Stand-Up Comics audition to known Laughs Per Minute (LPM) standards via video or live performance in comedy clubs.
But there is another, very different type of audition you want to think about early on.
Because you never really know when a casting director might spot you,
and want to see you read the script for him or her
the very next day.
Note: for this short excursion into film history as relevant to current comedies,
when you click on the links below, instead of going to another part of my web site,
you will get a new browser window.
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Casting directors are not always looking for trained actors.
There is a tradition in motion pictures that many film directors subscribe to:
•Non-actors can give more realistic performances because they make un-traditional choices
for delivering lines, making gestures, unselfconscious postures when making crosses, turns, standing up, sitting down, etc.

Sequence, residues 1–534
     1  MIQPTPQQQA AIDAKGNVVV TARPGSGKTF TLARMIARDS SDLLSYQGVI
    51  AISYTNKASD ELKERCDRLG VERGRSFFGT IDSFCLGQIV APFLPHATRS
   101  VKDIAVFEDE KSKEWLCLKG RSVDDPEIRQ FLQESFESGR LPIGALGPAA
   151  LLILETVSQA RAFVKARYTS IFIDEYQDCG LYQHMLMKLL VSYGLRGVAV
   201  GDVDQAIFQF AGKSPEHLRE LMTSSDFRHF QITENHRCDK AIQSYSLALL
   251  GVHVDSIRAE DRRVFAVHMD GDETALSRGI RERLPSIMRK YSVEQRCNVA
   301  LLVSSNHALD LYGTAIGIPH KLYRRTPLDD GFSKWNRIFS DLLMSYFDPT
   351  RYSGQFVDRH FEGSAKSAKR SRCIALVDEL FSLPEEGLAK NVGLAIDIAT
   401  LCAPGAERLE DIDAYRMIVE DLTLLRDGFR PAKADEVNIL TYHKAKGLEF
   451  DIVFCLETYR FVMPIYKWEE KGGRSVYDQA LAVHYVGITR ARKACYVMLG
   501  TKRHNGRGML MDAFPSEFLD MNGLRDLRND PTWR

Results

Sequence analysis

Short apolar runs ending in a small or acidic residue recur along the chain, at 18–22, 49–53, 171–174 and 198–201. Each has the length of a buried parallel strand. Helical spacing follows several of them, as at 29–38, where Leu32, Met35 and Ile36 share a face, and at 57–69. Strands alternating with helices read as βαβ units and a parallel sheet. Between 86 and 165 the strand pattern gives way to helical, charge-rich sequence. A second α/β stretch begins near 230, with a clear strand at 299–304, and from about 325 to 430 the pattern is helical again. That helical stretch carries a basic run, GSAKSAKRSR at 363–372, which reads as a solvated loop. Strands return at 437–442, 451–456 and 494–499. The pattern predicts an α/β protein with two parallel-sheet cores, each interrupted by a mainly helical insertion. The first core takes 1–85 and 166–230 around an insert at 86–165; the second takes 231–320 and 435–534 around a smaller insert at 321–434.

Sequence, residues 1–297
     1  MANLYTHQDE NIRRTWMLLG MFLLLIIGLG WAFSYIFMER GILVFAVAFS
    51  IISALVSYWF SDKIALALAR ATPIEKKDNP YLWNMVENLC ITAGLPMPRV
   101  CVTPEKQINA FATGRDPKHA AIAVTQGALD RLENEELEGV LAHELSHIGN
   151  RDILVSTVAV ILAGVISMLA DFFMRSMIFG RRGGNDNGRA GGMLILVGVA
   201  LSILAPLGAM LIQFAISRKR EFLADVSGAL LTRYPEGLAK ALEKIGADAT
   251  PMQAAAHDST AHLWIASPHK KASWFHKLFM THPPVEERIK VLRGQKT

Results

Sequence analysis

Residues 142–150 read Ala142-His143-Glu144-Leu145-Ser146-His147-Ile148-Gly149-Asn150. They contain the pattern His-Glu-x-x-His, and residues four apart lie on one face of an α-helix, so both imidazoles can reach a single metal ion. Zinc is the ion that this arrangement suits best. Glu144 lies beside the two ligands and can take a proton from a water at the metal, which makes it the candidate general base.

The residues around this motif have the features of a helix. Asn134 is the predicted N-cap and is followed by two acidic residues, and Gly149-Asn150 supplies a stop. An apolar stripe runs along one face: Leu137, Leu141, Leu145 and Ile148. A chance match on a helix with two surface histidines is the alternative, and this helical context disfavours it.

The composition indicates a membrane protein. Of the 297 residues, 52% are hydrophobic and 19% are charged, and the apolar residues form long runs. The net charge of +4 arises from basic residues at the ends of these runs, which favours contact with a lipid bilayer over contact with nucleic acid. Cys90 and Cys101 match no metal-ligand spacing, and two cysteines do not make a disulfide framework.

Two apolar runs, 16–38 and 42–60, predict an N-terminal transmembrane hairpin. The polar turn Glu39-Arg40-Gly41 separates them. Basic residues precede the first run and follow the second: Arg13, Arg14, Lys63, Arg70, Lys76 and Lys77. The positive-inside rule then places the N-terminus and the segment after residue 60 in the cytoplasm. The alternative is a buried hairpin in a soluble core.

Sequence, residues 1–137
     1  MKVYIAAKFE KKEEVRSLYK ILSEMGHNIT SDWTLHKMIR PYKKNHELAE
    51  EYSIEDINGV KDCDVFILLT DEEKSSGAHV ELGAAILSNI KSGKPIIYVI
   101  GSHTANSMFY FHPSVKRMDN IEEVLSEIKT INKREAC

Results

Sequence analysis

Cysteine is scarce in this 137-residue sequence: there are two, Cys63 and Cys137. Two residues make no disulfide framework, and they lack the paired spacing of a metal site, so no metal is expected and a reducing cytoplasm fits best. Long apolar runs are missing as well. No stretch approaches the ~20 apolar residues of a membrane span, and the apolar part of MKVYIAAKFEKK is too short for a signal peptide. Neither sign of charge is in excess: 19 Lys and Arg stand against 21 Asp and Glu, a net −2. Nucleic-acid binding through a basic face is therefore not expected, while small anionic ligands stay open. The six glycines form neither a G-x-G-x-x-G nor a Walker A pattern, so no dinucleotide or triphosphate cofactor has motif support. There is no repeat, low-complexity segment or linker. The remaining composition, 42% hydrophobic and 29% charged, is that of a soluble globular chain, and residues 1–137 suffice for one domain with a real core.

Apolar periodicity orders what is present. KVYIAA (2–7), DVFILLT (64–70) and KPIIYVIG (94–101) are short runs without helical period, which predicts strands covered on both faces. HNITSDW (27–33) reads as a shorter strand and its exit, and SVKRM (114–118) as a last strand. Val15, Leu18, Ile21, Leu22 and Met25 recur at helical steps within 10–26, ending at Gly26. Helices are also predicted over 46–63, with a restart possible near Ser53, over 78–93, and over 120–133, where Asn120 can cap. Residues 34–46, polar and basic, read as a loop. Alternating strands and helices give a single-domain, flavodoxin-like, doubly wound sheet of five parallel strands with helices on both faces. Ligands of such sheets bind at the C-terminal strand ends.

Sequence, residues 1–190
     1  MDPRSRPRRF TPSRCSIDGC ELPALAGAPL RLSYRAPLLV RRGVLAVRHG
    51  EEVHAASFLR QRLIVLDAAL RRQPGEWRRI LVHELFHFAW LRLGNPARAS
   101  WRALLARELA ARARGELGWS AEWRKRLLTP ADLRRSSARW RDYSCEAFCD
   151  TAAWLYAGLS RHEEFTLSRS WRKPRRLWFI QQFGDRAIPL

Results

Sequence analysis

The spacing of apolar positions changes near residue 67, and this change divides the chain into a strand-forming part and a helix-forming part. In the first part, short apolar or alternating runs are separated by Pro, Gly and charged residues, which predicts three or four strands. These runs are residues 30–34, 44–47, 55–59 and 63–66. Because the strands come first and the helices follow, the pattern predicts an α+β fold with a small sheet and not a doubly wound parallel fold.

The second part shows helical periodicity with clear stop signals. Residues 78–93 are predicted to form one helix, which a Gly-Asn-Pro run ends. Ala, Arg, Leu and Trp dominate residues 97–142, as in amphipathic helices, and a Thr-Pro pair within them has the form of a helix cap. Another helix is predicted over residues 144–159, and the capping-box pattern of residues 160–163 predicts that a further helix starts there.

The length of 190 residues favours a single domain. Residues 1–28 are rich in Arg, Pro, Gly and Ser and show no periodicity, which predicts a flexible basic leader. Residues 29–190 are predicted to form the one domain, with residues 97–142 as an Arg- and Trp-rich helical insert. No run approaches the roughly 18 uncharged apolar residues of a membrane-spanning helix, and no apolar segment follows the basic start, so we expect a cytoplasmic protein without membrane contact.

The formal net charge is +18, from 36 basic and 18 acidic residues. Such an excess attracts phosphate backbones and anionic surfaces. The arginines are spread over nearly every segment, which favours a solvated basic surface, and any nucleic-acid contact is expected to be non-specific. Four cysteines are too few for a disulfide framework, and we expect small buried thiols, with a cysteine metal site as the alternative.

Beginning film students learn about this when studying post-World War II Italian neorealism
which greatly influenced the legendary director Frederico Fellini (January 20, 1920–October 31, 1993).
But advanced film students soon discover that the past master of this tradition was
the Frenchman Robert Bresson (September 25, 1901–December 18, 1999).
His masterpieces are available on DVD which can be rented from neflix.com for as little as $7.99/month.
Some of the most helpful Extras for our current discussion are on:
"The Pickpocket" (1959)
"Mouchette" (1967) which show Bresson directing his cast of "real people,"
demonstrating his expertise in working with non-actors.
Bresson was very controversial at the time, as seen in this interview:
Bresson inadvertently ushered in the New Wave in French cinema, although he was not part of that movement.
You can see his clear influence in the work of New Wave leader Jean-Luc Godard (born 3 December 1930).
One of Godard's perhaps most available comedies is "The Band of Outsiders" (1964).
Woody Allen (born December 1, 1935) remains greatly influenced by this same period,
as can be clearly seen in his comedies:
"Alice" (1990) starring his then girlfriend Mia Farrow (born February 9, 1945).
She is the daughter of great filmmaker John Farrow (February 10, 1904 – 27 January 27, 1963)
and actress Maureen O'Sullivan (May 17, 1911 – June 23, 1998).
Mia Farrow appeared in 12 of Allen's films.
"Whatever Works" (2009) features stand-up comic and comedy writer Larry David's (born July 2, 1947) best work to date.